• Gay marriage is a stable economic partnership. Ted Olson. "The conservative case for gay marriage." Newsweek. January 12, 2010: "Marriage is one of the basic building blocks of our neighborhoods and our nation. At its best, it is a stable bond between two individuals who work to create a loving household and a social and economic partnership. We encourage couples to marry because the commitments they make to one another provide benefits not only to themselves but also to their families and communities. We encourage couples to marry because the commitments they make to one another provide benefits not only to themselves but also to their families and communities. Marriage requires thinking beyond one's own needs. It transforms two individuals into a union based on shared aspirations, and in doing so establishes a formal investment in the well-being of society."
  • Marriage ban impairs ability of employers to attract gays. Lambda Legal on OppossingViews.com: "The exclusion from marriage also impairs the ability of employers, large and small, to attract and retain the most comprehensive pool of talented and committed employees. Current and prospective employees place a value on whether they live in a place that supports their commitment to take care of and be responsible for a loved one. They often will make their employment decisions based on whether the state respects that value."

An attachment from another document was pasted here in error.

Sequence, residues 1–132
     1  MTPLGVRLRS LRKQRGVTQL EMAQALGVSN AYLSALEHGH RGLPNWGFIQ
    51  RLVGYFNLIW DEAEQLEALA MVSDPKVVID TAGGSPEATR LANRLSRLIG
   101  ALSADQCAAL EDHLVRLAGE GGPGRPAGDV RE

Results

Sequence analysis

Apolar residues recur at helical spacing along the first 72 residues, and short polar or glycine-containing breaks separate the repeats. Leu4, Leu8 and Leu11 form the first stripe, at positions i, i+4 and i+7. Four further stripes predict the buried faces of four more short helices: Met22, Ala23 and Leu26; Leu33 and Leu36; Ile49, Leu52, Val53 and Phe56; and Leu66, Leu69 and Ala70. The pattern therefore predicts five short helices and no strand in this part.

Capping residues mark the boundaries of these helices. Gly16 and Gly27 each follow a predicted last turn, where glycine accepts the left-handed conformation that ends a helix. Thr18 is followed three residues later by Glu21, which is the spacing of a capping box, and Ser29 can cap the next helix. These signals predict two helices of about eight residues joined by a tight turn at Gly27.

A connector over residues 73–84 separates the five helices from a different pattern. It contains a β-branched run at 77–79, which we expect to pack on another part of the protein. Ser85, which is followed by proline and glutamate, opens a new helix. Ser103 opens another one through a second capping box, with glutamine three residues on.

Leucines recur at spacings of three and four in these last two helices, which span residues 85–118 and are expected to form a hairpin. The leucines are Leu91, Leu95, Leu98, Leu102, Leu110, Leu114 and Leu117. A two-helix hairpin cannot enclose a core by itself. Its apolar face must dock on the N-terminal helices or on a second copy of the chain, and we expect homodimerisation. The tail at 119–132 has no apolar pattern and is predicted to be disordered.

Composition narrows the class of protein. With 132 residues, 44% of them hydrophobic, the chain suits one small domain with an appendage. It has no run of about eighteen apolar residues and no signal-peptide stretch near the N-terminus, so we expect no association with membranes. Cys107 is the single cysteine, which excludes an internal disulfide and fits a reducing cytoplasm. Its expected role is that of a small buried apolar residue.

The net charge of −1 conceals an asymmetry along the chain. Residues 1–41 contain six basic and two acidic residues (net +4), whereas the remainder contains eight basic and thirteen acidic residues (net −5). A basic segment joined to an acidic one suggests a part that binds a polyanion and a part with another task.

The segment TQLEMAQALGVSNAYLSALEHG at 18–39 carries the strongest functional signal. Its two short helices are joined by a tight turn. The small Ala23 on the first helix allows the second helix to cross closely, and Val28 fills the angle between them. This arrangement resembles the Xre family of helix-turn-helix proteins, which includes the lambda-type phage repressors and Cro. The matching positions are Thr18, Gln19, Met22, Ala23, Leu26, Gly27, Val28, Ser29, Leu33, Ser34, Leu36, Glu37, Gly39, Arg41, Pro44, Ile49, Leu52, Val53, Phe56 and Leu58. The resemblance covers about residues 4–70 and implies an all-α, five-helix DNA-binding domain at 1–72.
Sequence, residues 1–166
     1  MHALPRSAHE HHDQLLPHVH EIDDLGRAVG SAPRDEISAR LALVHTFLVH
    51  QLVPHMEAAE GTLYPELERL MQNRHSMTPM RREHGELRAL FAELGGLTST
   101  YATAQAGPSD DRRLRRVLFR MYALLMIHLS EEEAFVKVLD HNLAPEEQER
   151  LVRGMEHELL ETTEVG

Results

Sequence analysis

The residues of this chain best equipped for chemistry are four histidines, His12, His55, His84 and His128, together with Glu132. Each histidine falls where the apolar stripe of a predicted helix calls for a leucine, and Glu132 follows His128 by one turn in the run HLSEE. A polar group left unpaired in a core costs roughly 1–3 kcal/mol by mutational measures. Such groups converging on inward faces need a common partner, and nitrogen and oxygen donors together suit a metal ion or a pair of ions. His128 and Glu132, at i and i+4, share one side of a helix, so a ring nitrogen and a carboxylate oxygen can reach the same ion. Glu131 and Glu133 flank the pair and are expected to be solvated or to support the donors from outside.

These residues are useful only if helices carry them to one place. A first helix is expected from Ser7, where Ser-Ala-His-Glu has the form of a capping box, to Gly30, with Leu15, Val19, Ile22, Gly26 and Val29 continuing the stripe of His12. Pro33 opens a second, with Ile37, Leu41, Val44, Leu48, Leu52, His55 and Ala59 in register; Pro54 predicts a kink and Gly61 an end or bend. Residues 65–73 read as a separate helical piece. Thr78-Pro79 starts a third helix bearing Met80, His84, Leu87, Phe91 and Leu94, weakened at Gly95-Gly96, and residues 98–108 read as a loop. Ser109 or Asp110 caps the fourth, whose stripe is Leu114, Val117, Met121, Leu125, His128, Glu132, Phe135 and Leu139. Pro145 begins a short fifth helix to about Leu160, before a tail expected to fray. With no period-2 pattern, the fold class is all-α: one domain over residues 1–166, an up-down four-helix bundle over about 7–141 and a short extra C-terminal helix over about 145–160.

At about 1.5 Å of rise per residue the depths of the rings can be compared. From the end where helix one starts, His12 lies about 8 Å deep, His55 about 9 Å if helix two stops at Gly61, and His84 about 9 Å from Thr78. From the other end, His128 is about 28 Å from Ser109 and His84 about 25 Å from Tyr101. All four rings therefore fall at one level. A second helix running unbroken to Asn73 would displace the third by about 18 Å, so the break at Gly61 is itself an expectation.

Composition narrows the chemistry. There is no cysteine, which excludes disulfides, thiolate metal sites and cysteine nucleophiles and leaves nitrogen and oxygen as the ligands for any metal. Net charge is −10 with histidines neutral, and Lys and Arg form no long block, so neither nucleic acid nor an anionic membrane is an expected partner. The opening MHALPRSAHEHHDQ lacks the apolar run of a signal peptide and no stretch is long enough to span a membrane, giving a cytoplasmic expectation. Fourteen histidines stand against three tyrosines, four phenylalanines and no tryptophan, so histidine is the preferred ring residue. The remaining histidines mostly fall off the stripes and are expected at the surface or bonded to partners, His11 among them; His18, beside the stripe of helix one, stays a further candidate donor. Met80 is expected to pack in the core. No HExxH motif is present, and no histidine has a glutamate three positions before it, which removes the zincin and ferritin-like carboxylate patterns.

No

  • Gay marriage's legal benefits would strain taxpayers While it is true that homosexuals would benefit financial by getting married and receiving the benefits of marriage, that is actually a concern in many people's eyes. The concern is simply that a change in law that allows same-sex marriage will suddenly create a major financial strain on taxpayers that fund marriage benefits. Hundreds of thousands of same-sex marriages would result from any cross-the-board legalization. Given the significance of the benefits provided to married couples, the new strains would be substantial on tax-payers.


Internationally: What is the impact of gay marriage internationally?

Pro